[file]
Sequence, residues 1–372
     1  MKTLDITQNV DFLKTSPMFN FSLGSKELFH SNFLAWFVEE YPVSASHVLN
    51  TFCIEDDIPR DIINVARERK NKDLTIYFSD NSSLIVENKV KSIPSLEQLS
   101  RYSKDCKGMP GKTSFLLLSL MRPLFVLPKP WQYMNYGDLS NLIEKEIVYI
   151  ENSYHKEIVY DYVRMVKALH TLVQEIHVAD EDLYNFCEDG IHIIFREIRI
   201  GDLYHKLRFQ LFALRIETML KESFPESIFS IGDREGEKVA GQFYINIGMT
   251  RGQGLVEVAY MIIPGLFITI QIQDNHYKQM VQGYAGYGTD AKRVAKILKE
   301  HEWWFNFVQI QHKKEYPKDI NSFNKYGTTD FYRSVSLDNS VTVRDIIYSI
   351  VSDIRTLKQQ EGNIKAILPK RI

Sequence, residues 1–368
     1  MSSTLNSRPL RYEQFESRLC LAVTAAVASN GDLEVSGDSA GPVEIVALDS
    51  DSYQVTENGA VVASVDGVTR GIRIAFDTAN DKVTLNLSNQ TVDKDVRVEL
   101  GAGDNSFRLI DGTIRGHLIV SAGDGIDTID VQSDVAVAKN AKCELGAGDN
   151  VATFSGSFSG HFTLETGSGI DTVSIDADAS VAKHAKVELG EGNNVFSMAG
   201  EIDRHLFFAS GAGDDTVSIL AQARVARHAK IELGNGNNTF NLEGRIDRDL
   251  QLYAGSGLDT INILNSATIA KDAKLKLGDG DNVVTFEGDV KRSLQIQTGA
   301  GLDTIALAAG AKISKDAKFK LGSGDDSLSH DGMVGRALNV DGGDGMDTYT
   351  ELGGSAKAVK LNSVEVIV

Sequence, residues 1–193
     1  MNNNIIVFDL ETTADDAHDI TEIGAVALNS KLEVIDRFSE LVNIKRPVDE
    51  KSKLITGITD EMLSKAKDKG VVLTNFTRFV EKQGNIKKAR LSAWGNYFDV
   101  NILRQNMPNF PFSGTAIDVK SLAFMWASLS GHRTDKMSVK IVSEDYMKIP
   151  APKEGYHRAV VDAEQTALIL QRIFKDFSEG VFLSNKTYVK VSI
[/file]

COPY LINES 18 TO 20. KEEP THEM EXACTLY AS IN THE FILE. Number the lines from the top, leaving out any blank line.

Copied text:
   351  ELGGSAKAVK LNSVEVIV

Sequence, residues 1–193
     1  MNNNIIVFDL ETTADDAHDI TEIGAVALNS KLEVIDRFSE LVNIKRPVDE